A South Carolina ESA law could help address education needs in our rural communities, take pressure off of communities like Mt. Pleasant that face overcrowded public schools and increase educational options for families across the state, putting more power into parents’ hands.
In the wake of the SC Supreme Court’s Abbeville decision, some claim that more money is the answer for SC’s education woes. We say the answer is real reforms that promote autonomy for families and school leaders, accountability for current spending and equity for students regardless of where they live. Fund Students, Fix Systems outlines a clear path to helping every child reach their full potential.
This week, two students at Hidden Treasure Christian School received life-changing checks, thanks to South Carolina's new Exceptional Needs Tax Credit Scholarship. These scholarships will allow them to afford an education that meets their unique needs and equips them to reach their full God-given potential. It was an incredible experience to witness this joyful celebration!
This week Kevin Chavous, a leading voice for giving every child a chance and a choice, highlighted Greenville's own Legacy Charter School in a national oped, praising their mission to value all children and their refusal to write kids off based on their background, home life or previous school experience. Wonderful to see such a South Carolina success story in the news!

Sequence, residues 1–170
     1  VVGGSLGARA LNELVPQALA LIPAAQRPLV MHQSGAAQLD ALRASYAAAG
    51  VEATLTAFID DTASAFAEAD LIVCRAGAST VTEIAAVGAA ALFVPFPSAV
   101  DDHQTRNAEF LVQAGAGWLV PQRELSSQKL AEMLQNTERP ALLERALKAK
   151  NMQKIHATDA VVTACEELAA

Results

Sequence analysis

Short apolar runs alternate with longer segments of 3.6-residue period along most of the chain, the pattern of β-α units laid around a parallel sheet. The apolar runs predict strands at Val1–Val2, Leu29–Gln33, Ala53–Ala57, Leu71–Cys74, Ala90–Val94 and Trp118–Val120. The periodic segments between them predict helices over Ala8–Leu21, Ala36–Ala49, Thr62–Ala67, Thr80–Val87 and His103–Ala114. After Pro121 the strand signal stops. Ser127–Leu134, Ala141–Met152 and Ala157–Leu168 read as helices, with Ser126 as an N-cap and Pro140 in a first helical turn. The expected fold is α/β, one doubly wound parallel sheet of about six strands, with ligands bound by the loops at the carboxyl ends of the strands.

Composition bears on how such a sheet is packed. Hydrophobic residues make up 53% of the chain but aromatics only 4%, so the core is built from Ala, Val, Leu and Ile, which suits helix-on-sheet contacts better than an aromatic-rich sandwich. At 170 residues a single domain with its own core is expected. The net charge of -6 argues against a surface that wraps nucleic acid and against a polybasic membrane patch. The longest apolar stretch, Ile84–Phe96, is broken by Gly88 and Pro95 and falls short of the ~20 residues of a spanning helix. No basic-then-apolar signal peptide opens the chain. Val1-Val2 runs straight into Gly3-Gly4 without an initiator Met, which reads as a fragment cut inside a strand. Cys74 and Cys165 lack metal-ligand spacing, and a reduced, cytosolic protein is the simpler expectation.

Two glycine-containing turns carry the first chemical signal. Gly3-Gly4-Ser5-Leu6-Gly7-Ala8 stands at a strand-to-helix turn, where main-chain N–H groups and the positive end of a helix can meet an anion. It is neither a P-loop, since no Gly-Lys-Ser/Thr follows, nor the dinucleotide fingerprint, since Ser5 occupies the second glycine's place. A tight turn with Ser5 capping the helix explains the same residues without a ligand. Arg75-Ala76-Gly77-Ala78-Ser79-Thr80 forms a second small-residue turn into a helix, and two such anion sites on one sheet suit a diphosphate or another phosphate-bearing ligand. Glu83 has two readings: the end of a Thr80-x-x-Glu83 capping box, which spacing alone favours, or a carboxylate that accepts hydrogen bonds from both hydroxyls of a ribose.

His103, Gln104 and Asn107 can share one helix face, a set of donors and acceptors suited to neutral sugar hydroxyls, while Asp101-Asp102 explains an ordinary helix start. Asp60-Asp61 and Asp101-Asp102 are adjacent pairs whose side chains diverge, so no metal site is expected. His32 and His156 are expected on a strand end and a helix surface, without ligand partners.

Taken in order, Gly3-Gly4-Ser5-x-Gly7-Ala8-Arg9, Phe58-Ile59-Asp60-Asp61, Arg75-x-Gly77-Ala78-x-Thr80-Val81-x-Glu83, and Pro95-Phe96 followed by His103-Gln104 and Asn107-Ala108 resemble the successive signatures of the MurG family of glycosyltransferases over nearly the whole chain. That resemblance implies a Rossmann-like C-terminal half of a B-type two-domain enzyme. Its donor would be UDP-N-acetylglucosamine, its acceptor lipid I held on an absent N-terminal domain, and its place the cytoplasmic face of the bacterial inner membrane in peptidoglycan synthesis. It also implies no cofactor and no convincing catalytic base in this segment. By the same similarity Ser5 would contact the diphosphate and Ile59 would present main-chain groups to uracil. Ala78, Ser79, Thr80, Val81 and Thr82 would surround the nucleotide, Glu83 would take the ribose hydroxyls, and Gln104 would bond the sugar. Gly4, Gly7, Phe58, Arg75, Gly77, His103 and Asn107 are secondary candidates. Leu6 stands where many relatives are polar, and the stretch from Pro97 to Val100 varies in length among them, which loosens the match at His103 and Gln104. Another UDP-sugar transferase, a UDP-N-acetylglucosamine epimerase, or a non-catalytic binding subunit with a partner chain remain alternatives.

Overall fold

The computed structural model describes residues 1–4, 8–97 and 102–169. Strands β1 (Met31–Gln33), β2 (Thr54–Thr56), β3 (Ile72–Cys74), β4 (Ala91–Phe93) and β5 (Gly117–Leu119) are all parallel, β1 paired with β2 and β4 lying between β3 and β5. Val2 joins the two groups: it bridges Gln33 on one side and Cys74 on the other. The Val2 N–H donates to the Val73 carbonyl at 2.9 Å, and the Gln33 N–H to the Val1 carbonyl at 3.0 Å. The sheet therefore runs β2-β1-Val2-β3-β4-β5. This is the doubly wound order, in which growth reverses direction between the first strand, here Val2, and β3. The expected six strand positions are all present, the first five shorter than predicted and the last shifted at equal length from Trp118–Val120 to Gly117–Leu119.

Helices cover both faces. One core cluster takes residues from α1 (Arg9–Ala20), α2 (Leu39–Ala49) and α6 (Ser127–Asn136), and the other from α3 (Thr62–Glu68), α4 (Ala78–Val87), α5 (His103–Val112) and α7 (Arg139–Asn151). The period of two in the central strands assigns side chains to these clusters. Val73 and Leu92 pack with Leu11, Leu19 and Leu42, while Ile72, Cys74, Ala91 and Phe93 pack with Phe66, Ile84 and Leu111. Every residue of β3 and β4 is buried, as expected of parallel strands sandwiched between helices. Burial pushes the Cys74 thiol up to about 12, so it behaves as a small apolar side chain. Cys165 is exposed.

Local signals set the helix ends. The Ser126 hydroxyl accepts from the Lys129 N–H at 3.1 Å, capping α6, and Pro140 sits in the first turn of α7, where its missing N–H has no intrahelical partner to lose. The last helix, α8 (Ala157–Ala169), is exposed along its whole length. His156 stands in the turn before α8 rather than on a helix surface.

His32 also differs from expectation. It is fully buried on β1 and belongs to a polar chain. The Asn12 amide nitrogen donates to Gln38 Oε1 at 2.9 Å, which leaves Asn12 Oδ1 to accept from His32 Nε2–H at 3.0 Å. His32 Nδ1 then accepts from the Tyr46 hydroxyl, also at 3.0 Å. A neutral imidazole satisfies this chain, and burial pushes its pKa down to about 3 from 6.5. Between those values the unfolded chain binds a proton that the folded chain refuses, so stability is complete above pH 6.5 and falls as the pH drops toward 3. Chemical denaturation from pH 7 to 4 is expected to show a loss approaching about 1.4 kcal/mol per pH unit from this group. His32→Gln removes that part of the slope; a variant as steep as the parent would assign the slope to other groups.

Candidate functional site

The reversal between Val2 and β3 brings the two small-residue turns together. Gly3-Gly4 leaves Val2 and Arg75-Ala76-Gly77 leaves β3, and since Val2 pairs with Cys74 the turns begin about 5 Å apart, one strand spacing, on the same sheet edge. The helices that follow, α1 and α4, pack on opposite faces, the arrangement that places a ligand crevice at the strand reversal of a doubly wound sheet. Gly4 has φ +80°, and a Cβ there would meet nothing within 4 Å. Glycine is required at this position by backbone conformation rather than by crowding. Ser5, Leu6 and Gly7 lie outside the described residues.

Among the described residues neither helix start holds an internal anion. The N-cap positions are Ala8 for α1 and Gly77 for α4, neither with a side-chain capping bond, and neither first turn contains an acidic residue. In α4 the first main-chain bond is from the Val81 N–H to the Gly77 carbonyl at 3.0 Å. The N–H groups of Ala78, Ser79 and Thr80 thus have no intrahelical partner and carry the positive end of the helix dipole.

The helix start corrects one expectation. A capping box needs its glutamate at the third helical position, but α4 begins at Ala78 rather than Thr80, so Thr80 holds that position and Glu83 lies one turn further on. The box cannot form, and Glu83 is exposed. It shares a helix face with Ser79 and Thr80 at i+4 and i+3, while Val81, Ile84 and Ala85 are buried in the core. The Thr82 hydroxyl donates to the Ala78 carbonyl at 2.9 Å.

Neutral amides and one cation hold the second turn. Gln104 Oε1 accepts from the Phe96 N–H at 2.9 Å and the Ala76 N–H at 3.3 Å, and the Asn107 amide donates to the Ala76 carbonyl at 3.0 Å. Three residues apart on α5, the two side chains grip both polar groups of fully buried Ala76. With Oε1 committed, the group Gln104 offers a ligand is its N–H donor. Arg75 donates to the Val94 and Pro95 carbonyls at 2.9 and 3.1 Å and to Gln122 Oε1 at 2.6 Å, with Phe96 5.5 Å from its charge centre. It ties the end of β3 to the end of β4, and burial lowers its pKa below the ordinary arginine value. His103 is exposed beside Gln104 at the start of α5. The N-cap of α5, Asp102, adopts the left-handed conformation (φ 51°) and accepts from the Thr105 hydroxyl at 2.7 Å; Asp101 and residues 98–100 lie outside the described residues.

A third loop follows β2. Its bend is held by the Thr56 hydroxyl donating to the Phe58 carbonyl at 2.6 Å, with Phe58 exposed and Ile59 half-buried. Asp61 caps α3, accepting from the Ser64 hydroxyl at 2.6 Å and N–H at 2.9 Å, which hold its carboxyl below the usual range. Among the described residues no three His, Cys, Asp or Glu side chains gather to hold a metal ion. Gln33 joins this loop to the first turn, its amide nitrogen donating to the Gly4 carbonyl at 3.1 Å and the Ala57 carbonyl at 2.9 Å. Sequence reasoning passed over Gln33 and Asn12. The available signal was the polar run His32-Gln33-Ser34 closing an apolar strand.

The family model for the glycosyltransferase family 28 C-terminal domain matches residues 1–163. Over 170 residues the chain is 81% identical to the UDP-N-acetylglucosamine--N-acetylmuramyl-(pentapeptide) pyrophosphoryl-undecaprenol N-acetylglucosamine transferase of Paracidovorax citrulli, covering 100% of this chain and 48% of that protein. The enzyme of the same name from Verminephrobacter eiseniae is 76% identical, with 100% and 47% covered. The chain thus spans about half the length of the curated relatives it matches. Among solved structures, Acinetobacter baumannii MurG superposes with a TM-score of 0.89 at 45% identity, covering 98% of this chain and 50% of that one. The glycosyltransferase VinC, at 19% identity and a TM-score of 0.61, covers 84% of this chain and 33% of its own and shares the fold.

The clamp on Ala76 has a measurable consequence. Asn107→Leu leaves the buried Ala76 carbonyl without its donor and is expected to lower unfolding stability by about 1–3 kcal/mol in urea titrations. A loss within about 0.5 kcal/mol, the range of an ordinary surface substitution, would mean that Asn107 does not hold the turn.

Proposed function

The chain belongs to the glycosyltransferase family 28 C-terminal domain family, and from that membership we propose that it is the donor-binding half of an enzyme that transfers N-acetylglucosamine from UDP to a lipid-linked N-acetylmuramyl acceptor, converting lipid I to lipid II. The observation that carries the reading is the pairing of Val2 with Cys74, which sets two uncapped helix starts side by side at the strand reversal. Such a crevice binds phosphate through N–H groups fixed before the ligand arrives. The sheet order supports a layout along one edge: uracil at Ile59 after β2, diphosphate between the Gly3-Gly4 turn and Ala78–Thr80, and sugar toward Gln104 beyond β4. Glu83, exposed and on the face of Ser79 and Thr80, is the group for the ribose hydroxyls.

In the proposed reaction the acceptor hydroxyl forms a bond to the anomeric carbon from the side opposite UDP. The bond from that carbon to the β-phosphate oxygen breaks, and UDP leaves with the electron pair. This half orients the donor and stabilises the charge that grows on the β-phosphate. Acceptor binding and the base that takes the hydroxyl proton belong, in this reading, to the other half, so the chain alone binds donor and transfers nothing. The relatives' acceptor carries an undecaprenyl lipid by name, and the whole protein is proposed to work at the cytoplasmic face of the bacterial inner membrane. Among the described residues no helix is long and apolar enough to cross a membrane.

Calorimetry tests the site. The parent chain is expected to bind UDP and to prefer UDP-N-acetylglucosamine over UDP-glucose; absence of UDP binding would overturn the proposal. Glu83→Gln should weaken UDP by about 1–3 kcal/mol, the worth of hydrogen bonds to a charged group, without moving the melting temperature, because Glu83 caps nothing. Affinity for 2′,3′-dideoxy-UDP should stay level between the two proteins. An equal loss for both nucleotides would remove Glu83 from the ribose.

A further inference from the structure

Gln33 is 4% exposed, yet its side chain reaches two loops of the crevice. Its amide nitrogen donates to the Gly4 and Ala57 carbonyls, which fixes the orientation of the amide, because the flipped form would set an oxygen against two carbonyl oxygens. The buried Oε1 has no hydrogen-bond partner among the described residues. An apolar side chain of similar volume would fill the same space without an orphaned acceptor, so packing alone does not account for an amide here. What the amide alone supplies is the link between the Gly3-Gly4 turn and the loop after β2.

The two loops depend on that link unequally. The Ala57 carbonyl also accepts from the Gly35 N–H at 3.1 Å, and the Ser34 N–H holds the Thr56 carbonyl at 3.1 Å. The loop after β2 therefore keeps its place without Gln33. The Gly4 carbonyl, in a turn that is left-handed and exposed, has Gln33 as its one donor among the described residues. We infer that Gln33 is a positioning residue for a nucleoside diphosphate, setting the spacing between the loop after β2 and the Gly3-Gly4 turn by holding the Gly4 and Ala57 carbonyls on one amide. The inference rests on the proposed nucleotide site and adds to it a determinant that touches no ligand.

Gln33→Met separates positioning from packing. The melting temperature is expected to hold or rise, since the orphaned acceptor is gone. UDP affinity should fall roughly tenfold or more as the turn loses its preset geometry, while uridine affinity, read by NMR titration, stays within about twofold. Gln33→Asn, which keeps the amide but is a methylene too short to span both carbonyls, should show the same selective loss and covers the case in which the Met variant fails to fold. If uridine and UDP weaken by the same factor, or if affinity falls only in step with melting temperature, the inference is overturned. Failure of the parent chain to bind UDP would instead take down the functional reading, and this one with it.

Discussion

I come here personally today not as an academic policy expert but as someone who loves our home state of South Carolina and believes passionately that the path of opportunity both for our people and our state starts with bold, big picture thinking about how we put together key puzzle pieces for South Carolina’s future. We focus on the issues of energy, health care, tax & budget policy…and of course, righting the injustices of our education system, which is why I am here talking with you today.
Jay Jackson liked his local public school and did well on his report cards. He even enrolled in some of the advanced classes that his school offered. However, Jay's parents, Randy and Janice, noticed something peculiar: They never saw Jay do any homework.
Kimberly Diveley was fortunate to have a Blue Ribbon public school just down the street.
Morgan Faucett started her education at a private school. But her mom, Pam, felt the school was too small and didn’t have enough to offer Morgan. In second grade, Morgan moved to a public school and excelled there.
In the wake of the recent South Carolina Supreme Court ruling on the Abbeville case, the SC legislature has been handed a mandate to improve the education system for our rural school systems. While those who have vested interested in maintaining the status quo say that this ruling simply mandates more funding to the powers that be, our education system needs real reform. Check out these ten real steps to reform.